Thomas Keenan
Lecture: "The Death of Politics?
Human Rights, New Public Spheres, and the Jihad
Comment by Samuel Weber
May 1, 2008


Samuel Weber (left), Thomas Keenan (center) and Center Director Daniel J. Sherman observe Keenan's video material before the event

The final event of the 2007-08 year at the Center was a lecture by Thomas Keenan (Comparative Literature and Human Rights Program, Bard College) with a comment by Samuel Weber (Avalon Professor of Humanities, Northwestern University). Co-sponsored by the English Department Colloquium Series in the Global Modern and the Comparative Study in Religion Program, Professor Keenan’s lecture, “The Death of Politics? Human Rights, New Public Spheres, and the Jihad,” was based on his monitoring of what he called the on-line jihadi media scape: websites, but especially discussion forums.

Thomas Keenan delivers his lecture

Keenan’s project asks whether jihadi terrorism still belongs in the realm of politics (in the sense that it ultimately seeks to achieve a political objective), or if it must be considered inimical to politics. A connected concern for Keenan, in response to the work of Michael Ignatieff, is whether anyone claiming to protect human rights can resort to violence.
After showing several video clips gathered from jihadi websites, Keenan argued that while there are recognizable political goals, on the whole jihadists operate against politics itself. However, jihadists risk getting caught up in politics through their distribution of video materials and through this could become similar to other actors in the international political sphere, a development that Keenan noted should be welcomed.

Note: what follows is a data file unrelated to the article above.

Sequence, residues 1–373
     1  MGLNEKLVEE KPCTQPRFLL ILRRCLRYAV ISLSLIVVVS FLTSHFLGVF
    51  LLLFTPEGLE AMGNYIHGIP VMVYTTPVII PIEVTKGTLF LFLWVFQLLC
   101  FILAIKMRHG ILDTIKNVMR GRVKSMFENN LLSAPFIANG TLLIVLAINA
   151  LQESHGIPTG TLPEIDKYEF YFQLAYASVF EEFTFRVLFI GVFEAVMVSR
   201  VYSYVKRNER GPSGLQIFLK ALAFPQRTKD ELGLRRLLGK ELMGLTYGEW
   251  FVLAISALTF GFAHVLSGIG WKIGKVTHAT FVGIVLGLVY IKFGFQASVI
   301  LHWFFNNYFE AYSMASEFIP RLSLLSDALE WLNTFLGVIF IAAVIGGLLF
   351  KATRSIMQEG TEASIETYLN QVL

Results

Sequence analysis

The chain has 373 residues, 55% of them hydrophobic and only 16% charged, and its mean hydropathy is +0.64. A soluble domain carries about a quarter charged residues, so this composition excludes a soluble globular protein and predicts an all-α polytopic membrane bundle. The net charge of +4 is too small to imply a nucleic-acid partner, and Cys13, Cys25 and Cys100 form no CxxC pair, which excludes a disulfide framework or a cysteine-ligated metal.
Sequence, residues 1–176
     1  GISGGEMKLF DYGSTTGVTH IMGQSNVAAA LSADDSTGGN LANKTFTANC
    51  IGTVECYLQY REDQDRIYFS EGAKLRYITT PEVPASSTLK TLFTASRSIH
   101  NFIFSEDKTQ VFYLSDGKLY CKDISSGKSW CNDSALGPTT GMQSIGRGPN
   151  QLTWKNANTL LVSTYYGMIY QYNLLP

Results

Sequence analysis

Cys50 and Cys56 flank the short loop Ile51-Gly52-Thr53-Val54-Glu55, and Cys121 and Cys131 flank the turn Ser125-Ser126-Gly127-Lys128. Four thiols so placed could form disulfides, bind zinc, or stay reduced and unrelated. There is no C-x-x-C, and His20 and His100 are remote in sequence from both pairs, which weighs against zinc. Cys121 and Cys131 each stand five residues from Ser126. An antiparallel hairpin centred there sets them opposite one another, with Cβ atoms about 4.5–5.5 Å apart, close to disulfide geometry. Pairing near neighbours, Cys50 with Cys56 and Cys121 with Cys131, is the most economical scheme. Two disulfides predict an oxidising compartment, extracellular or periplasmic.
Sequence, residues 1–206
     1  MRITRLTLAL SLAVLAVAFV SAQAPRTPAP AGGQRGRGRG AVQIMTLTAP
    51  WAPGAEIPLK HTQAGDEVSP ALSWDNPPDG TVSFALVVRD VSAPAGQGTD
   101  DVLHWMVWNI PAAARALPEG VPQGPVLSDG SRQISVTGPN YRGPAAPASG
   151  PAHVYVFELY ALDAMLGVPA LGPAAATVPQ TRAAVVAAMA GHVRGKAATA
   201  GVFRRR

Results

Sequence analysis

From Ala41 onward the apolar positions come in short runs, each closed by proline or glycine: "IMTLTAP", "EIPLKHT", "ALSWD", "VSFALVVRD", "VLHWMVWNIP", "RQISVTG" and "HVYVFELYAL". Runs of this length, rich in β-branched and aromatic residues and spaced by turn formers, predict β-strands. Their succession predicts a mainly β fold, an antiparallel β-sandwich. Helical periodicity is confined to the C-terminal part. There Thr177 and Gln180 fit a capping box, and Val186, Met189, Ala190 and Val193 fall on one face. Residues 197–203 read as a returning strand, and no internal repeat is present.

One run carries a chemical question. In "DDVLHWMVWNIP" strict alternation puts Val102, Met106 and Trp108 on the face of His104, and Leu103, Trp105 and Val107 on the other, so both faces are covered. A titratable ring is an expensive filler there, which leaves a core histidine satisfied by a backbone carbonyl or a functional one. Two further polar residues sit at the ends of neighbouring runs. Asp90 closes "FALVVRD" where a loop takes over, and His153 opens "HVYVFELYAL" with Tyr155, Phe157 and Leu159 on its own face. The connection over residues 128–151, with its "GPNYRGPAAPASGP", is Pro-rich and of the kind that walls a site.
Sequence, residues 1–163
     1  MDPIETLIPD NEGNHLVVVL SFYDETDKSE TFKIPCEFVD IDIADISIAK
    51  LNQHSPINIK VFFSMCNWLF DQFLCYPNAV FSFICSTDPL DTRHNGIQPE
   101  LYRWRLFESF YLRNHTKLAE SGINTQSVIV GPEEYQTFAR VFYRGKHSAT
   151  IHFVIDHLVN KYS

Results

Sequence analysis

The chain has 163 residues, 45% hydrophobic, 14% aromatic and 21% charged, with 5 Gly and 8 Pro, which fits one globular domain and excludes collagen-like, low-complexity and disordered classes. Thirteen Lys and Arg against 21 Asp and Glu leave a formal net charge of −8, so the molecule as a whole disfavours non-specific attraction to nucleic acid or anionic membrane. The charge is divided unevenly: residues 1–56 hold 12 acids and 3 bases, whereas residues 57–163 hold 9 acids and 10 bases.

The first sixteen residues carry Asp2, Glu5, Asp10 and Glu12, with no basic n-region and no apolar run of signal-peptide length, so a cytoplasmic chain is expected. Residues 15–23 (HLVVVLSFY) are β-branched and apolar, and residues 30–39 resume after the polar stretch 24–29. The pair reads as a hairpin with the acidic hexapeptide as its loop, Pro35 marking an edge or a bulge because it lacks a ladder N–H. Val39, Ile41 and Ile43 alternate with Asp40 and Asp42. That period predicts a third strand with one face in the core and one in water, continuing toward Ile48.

Samuel Weber

In response to Keenan’s talk, Samuel Weber emphasized that especially today—with the world-wide availability of video produced by anyone, anywhere—the meaning of “politics” is shifting rapidly, as is its relationship to force and violence. Media frameworks within which political discourse takes place are less firm or predictable than ever before; on-line jihadist discussion forums, Weber noted, might be the ultimate form of content without imminent frame and could well promote insecurity. He concluded with a question prompted by the Center’s theme “Past Knowing”: will this kind of knowing leave room for the unknown?

The diverse and sizable audience of Center fellows, UWM faculty, graduate and undergraduate students, and members of the wider community participated in a lively discussion with professors Keenan and Weber before repairing to the Center’s conference room for further conversation during a reception.


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